THE PAST IN COLOUR
It is summer 1964 with a nonuniform terrace looking down to the sea, each house a different colour. A Ford Anglia van faces a Hillman Minx saloon which is about to be passed by a “Baby” Austin A35. Two ladies are busy chatting while a girl manoeuvres her toy pram. The man is standing underneath a metal sign advertising Kensitas cigarettes.
Note the ubiquitous H- shaped television aerials of the period and a narrow trench which has been backfilled along the pavement, with a side branch leading to each home. There has never been any gas here so it must be water or electricity, each of which is possible because mains water was installed around this time and electricity was switched from overhead to underground cables.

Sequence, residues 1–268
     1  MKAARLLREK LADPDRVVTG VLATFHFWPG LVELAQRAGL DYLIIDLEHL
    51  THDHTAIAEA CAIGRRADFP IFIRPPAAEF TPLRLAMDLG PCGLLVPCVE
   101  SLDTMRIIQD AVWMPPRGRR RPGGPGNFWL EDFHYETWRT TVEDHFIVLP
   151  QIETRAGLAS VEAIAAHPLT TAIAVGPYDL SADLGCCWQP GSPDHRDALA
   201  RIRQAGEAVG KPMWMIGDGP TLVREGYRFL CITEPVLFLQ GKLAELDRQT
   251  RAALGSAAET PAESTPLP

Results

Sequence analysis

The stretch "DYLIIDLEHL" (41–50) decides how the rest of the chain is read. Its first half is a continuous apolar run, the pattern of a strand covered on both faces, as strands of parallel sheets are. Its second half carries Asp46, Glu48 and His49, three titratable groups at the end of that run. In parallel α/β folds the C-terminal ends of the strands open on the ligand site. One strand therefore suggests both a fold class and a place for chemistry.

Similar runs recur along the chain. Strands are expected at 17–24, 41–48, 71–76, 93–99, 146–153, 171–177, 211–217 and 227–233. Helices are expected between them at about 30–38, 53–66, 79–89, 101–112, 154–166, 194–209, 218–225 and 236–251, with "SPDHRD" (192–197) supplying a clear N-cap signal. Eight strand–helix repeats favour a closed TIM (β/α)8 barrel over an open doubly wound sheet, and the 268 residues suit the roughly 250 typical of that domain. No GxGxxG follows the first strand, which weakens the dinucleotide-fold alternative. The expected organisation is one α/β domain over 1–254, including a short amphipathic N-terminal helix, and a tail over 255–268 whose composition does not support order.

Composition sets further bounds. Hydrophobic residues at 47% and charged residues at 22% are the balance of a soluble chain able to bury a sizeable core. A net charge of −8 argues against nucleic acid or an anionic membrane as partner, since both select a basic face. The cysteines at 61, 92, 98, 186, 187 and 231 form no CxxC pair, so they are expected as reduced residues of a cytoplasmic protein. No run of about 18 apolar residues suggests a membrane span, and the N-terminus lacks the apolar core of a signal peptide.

Any ideas where it is? If you have ever visited the Inner Hebrides then you might recognise the main street of Bowmore on the southernmost island of Islay, specifically the A486 looking across Loch Indaal towards a promontory known as the Rinns of Islay. The buildings today are all painted white, however and, like the rest of the UK, all the H- shaped television aerials have disappeared.
The picture was taken on the new Kodachrome II film by the late Roger Redfern, who travelled the country recording the past for many years. Does anyone know for certain whether it was gas or electricity being connected and also if the darker coloured tarmac nearest the pavement was associated with it?